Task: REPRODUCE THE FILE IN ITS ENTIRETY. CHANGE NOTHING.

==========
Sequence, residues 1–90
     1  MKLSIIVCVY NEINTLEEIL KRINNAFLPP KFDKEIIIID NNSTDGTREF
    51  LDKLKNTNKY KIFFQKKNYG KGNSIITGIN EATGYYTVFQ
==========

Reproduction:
Sequence, residues 1–90
     1  MKLSIIVCVY NEINTLEEIL KRINNAFLPP KFDKEIIIID NNSTDGTREF
    51  LDKLKNTNKY KIFFQKKNYG KGNSIITGIN EATGYYTVFQ